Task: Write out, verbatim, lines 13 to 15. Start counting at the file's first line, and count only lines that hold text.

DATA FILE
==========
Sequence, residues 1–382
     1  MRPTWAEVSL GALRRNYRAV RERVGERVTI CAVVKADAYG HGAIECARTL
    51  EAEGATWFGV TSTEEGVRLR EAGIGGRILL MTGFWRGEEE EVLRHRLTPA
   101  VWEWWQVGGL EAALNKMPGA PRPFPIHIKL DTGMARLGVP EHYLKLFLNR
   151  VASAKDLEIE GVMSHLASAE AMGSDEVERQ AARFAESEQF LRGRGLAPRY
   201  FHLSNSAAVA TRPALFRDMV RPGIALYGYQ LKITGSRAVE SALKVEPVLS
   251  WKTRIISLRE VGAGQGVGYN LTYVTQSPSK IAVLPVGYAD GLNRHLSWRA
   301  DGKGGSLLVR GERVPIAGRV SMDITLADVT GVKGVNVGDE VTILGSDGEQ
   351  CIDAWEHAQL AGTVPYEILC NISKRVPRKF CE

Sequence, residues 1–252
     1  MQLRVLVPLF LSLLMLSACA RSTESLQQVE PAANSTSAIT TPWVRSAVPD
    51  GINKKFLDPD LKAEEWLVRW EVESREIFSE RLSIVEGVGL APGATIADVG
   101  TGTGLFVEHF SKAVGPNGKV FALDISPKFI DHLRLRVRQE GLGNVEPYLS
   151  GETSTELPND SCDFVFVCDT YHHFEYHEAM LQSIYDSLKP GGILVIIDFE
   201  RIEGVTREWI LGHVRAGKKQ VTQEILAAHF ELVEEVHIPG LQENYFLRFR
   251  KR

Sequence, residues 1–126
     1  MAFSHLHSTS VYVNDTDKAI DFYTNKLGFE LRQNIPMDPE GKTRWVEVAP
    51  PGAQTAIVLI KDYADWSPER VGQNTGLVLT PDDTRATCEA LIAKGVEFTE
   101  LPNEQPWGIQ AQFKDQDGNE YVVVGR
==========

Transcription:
   101  TGTGLFVEHF SKAVGPNGKV FALDISPKFI DHLRLRVRQE GLGNVEPYLS
   151  GETSTELPND SCDFVFVCDT YHHFEYHEAM LQSIYDSLKP GGILVIIDFE
   201  RIEGVTREWI LGHVRAGKKQ VTQEILAAHF ELVEEVHIPG LQENYFLRFR